Friday, April 27, 2012

Field Trip to South Cove

The Pacific Northwest is a particularly rich location to experience the biodiversity of marine life.  Spring is when many species reproduce making it an excellent time of the year to study embryonic and larval development of marine invertebrates. A point of interest is the South Cove of the Cape Arago headland as it offers students here at the OIMB an opporunity to observe and study a diverse array of organisms.  On April 24 at 8:30 a.m., with our gear in tow, we left for the South Cove to catch the -0.3 foot low tide at 9 a.m.  By van we made our way six miles south of the OIMB campus down Cape Arago highway to look for particular species of brooding bryozoans. 

Sticking close to more experienced students and our instructor Svetlana, I saw many interesting species including this morning sunstar, Solaster dawsoni, being held up by my classmate Ashley (left). Other common species of the South Cove intertidal zone we observed include the worlds largest chiton, Cryptochiton stelleri, commonly known as the gumboot chiton, the worlds largest sea star, Pycnopodia helianthoides, commonly known as the sunflower seastar, and a model organism for developmental biologists, Strongylocentrotus purpuratus, commonly known as the purple sea urchin, to name a few. After two hours in the intertidal, we headed back to the lab to study our specimens. In addition to finding the brooding bryozoans we were looking for, we found many other interesting species that we will study in class.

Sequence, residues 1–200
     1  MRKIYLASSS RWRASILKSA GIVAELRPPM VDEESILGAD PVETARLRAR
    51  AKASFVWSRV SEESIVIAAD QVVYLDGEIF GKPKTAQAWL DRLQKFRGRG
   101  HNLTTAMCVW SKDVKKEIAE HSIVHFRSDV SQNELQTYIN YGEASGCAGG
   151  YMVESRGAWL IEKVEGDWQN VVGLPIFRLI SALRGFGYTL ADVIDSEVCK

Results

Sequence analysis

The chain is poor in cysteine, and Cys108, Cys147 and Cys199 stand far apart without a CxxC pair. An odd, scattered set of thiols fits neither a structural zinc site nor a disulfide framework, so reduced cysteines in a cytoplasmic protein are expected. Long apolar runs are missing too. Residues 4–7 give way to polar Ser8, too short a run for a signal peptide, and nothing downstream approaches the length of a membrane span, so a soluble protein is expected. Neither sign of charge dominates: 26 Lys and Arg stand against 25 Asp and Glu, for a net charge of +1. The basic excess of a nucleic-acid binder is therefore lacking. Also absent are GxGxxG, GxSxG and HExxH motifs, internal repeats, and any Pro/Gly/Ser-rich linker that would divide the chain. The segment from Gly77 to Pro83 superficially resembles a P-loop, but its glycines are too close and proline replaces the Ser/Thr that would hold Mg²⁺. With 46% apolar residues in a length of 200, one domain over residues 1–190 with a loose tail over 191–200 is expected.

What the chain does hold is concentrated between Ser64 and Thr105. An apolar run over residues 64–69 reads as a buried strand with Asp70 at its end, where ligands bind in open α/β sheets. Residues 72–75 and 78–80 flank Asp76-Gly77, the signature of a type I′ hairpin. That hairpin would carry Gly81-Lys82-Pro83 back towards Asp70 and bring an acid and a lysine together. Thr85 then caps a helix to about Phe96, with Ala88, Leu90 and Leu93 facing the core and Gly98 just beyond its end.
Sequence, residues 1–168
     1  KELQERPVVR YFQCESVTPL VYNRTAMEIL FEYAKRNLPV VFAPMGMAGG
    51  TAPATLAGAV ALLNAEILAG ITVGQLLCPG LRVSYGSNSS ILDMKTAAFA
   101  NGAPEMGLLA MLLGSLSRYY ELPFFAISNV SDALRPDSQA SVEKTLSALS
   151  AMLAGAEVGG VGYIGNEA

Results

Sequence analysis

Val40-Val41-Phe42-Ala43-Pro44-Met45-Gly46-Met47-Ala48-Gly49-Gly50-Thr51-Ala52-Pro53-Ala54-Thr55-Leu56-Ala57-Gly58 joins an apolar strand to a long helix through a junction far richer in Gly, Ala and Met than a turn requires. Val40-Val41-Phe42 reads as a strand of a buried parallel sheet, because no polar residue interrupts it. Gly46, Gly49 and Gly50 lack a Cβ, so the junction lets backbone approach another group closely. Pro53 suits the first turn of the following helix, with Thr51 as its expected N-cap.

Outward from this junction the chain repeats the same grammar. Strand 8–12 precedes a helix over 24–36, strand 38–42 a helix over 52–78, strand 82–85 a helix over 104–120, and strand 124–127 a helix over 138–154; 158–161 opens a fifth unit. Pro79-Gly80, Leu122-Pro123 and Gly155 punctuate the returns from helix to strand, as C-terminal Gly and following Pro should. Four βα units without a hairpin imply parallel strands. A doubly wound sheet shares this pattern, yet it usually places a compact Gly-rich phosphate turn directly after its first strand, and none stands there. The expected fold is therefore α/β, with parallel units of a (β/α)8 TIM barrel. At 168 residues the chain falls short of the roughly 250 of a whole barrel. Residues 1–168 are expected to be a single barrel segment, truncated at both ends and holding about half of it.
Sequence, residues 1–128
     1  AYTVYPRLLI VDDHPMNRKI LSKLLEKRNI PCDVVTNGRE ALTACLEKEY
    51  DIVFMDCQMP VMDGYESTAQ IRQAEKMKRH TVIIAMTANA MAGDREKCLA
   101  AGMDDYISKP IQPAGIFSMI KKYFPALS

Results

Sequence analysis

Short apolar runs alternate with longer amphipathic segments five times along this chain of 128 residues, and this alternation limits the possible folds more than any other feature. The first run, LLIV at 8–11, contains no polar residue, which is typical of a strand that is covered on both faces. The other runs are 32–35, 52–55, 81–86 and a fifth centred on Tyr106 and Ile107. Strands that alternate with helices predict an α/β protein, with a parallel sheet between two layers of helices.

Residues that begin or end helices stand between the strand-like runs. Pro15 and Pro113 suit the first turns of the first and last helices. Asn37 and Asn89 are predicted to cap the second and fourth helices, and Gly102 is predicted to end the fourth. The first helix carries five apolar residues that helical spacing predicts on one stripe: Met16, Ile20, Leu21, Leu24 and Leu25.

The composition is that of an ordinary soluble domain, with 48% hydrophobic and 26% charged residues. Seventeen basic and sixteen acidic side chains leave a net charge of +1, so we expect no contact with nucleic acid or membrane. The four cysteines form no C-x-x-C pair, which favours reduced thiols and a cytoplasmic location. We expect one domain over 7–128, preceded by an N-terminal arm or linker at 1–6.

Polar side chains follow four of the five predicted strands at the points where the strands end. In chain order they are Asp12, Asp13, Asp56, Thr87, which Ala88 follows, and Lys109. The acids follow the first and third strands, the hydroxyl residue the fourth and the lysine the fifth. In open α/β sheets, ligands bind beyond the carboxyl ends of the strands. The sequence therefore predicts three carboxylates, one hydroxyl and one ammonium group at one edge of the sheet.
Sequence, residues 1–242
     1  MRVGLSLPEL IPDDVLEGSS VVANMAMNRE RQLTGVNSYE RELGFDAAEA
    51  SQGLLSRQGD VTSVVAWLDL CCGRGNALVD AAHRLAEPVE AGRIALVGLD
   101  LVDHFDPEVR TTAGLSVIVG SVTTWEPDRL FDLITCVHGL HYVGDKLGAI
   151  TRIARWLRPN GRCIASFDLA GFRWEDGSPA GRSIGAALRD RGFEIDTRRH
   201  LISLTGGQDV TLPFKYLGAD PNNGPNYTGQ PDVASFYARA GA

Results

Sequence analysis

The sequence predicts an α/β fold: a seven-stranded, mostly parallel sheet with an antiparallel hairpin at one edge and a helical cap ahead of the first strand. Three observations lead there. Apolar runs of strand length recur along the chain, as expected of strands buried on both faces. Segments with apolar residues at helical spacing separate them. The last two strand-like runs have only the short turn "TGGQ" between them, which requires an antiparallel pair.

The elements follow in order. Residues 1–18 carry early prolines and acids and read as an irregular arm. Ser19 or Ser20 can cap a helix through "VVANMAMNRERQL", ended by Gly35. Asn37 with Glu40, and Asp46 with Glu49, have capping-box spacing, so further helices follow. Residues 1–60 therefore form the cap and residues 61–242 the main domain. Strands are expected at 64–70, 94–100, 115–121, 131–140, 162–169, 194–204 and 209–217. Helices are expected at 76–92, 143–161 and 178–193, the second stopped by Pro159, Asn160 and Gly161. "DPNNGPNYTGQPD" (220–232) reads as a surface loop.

A rather noteworthy member of this menagerie pictured in the center of the glass dish is the veiled chiton, Placiphorella velata. It is a rare find because this species typically occures in the very low intertidal or subtidal. Unlike most chitons which graze on algae, this predatory chiton waits for small crustaceans and worms to wander under its veil and rapidly (less than a second) lowers the hood to trap its prey. It then swallows the smaller bits whole or uses its radula to scrape and break apart parts of larger prey.

1 comment:

  1. Matthew,
    This was a excellent blog on the class search of the tidal pool. The specimens that the group collected were unique. All the years that I have search at low tide along the coast of Maine I have never come across any of these samples. Great and informative blog.